In the vast clusters of galaxies in the Universe, which can consist of hundreds or thousands of galaxies, countless “rogue” stars wander among them. These stars are not gravitationally bound to a single galaxy, but rather to the halo of galaxy clusters themselves, and are only discernible by the diffuse light they emit, known as ghost light or intracluster light (ICL). For astronomers, the explanation for how these stars became so scattered across their galaxy clusters has always been an unsolved question.
There are several theories, including the possibility that the stars were pulled from their galaxies, expelled in galactic mergers, or were part of their cluster since early formation billions of years ago. Using NASA’s Hubble Space Telescope, a team from Yonsei University, Seoul, and the University of California, Davis, conducted an infrared survey of distant galaxy clusters. Their observations suggest these wandering stars have been drifting for billions of years and have not been removed from their respective galaxies.
The survey was conducted by Hyungjin Joo, a Ph.D. Yonsei Observable UNIverse Group (YOUNG) Candidate at Yonsei University, and Myungkook James Jee, YOUNG Group Leader and LSST Fellow at UC Davis. As they suggest in their recent article in the journal Nature, leading theories about ICL predict that its light fraction (compared to the total light of a galaxy cluster) decreases rapidly with increasing redshift, reaching only a few percent for clusters with redshift values of z >1 (about 10 billion light years away)
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NASA’s Chandra X-ray Observatory captured this image of the Coma galaxy cluster. Photo credit: NASA/CXC/Univ. from Chicago/I. Zhuravleva et al./SDSS
The first case in which ICL was discovered was in 1951 by the Swiss astronomer Fritz Zwicky, who reported observing luminous material while observing the Coma Cluster. This cluster contains at least 1,000 galaxies and is one of the closest to Earth, only 330 million light-years away. However, observational studies of ICLs with galaxy clusters up to 10 billion light-years away have been inconclusive because the ICL is so faint. In fact, the ICL of these galaxy clusters is about 10,000 times dimmer than the night sky when observed from Earth.
For their study, Jee and Joo examined deep-infrared image data collected by Hubble from 10 galaxy clusters with redshift values of 1 ? z? 2 (about 7.731 to 10.324 billion years away). Their results showed that the ICL light fraction remains constant over billions of years. As Jee explained in a recent NASA press release:
“This means that these stars were already homeless in the early stages of star cluster formation. We don’t know exactly what made her homeless. Current theories cannot explain our results, but somehow they were produced in large quantities in the early Universe. In their early formative years, galaxies might have been quite small and bleed out stars fairly easily due to a weaker gravitational pull.”
The theory that intercluster stars could be removed from the galaxies in which they were born is certainly not unfounded. As galaxies move through intercluster space while orbiting the center of a cluster, they pass gaseous materials. This creates drag that pushes gas and dust out of the galaxy into the intercluster space, providing the raw material for new star formation. However, based on their survey, Joo and Jee ruled out this mechanism as the main cause of the production of stars within the cluster, as it would mean that the ICL fraction would increase over time as the population grows.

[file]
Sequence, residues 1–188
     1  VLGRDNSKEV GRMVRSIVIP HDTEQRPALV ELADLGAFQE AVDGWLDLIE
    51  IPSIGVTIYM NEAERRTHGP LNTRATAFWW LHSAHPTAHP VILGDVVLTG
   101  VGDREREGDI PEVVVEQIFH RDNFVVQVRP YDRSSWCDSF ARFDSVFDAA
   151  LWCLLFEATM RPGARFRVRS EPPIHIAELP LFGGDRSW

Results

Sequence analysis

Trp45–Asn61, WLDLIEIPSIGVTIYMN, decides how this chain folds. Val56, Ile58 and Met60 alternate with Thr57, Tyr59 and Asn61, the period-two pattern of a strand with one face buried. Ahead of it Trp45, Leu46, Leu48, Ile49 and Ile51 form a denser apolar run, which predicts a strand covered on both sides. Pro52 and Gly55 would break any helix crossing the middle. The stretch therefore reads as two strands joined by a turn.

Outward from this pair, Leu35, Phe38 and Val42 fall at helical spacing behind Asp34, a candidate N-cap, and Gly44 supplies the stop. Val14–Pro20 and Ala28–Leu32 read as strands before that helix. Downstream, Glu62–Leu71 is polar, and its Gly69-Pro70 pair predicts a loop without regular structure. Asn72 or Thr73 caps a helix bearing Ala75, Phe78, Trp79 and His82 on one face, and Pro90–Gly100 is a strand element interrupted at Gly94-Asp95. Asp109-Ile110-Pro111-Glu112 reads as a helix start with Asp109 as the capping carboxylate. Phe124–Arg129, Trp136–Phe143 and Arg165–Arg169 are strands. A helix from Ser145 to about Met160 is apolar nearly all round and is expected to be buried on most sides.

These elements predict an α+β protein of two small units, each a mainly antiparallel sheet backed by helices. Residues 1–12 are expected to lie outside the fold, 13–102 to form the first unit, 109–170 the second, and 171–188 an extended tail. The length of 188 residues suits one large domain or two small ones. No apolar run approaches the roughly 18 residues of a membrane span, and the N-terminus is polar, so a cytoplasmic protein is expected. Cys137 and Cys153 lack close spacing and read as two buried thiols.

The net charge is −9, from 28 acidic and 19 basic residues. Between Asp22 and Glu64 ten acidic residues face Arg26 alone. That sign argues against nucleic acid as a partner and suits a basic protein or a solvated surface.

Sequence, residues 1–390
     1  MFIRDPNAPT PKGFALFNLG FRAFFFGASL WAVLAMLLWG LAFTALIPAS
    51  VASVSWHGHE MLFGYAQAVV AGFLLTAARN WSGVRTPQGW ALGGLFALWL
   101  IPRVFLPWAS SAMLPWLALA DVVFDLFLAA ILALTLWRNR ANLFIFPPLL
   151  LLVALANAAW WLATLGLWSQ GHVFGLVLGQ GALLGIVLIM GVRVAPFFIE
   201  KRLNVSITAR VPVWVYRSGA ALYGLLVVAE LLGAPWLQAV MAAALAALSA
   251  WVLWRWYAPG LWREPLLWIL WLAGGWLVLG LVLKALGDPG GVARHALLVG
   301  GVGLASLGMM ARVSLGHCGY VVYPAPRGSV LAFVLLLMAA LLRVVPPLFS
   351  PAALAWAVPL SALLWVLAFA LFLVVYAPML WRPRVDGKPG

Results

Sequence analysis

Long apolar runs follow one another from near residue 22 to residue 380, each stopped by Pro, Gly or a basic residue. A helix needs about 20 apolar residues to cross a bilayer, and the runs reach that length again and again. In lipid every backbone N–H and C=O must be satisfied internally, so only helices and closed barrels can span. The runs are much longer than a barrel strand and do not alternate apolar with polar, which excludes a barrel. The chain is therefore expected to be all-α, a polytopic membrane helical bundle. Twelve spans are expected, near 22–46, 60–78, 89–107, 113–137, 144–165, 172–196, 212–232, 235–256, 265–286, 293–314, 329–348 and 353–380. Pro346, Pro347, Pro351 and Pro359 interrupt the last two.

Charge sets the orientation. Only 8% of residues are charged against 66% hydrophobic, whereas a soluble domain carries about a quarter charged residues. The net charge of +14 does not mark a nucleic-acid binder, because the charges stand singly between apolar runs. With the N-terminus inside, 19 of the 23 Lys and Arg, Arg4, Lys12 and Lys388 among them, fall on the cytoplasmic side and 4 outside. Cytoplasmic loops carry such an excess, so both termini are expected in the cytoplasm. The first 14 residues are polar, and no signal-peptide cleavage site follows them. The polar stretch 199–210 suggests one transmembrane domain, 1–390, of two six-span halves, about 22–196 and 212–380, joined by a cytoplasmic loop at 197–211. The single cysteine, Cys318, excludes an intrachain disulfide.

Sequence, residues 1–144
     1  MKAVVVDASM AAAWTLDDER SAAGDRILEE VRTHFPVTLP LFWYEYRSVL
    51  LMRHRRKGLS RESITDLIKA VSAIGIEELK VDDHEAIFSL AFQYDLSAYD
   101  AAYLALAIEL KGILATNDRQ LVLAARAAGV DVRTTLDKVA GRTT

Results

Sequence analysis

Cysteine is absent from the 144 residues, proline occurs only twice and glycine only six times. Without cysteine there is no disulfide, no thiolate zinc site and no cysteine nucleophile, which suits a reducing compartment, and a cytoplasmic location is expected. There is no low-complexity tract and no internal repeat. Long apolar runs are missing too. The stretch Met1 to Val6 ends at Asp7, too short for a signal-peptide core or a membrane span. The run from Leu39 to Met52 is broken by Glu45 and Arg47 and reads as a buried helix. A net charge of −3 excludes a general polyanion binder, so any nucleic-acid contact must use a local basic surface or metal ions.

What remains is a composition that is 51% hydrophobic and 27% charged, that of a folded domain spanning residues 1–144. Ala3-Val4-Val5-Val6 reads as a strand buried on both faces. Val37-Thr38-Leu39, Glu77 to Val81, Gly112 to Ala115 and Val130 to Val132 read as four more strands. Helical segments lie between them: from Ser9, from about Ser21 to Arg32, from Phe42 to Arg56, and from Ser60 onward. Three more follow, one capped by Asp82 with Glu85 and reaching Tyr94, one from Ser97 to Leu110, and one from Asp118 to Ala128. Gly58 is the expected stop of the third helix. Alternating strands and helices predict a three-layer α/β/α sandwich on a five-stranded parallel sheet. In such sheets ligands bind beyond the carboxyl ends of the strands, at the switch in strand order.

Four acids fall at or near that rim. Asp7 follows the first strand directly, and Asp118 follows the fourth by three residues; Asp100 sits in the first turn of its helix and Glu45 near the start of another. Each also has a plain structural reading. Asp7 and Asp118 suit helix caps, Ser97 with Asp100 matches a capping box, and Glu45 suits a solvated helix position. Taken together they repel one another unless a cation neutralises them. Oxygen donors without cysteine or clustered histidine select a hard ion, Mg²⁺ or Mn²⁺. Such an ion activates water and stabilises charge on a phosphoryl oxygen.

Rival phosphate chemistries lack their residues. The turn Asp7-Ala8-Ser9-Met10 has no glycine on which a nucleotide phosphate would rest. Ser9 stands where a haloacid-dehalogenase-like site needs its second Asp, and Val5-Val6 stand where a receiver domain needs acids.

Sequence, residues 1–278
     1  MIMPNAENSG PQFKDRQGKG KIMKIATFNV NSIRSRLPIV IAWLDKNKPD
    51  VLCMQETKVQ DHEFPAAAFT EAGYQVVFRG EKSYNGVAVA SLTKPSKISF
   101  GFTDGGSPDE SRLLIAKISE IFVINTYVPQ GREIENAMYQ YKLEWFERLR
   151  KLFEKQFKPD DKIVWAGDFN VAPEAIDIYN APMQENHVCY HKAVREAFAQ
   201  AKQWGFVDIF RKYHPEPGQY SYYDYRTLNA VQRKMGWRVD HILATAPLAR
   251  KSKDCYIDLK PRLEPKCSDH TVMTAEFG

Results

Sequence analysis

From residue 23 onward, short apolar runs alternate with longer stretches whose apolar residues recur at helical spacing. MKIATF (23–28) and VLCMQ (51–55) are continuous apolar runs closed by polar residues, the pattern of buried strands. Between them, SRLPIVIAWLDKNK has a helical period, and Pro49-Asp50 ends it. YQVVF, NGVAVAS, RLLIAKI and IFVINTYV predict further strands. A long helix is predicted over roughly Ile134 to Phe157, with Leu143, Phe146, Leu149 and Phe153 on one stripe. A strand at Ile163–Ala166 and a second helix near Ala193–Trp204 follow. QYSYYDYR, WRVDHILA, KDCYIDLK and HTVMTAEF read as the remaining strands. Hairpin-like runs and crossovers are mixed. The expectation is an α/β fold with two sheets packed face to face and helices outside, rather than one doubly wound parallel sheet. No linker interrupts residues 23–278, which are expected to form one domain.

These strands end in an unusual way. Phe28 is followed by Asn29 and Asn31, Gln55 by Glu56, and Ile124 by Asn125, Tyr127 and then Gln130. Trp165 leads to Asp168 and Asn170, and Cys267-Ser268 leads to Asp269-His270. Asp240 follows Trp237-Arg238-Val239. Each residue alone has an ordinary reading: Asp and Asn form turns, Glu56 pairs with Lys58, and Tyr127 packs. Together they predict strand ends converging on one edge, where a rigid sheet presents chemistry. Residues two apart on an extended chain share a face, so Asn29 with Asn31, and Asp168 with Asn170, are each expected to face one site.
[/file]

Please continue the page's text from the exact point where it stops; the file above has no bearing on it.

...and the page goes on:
Galaxy cluster SMACS 0723 seen by NIRCam on JWST shows many galaxies and gravitational lenses. Source: NASA/ESA/CSA/STScI
A fraction of light that is constant over billions of years indicates that something must have allowed many stars to be born billions of years ago. In any case, this will have immense implications for the study of galaxy formation and evolution, especially when it comes to dark matter questions. “Finding the origin of intracluster windows helps us understand the formation history of an entire galaxy cluster, and they can serve as visible traces of dark matter surrounding the cluster,” Joo said.
If stellar populations between star clusters were the result of stars being ejected from their galaxies during mergers, the stars would not have enough time to disperse throughout the cluster’s gravitational field. As a result, they would not track the cluster’s dark matter distribution. But if the stars formed in the cluster’s early history (i.e., billions of years ago), they would have dispersed throughout the cluster, allowing astronomers to use them to map the cluster’s DM distribution.
This new technique complements the traditional method of DM mapping known as gravitational lensing. With this technique, astronomers observe how the gravitational pull of an entire cluster changes the curvature of spacetime around it, distorting and enhancing light from background objects. These studies will also benefit from the near-infrared capability and sensitivity of NASA’s James Webb Space Telescope (JWST), which will greatly expand the search for intracluster stars in very high redshift galaxy clusters.
In turn, these investigations will provide new ways to measure the DM distribution and the role (if any) in the formation of the first galaxies in the Universe. From this, scientists can finally solve one of the greatest mysteries of modern astronomy and cosmology.
Further Reading: NASA, Nature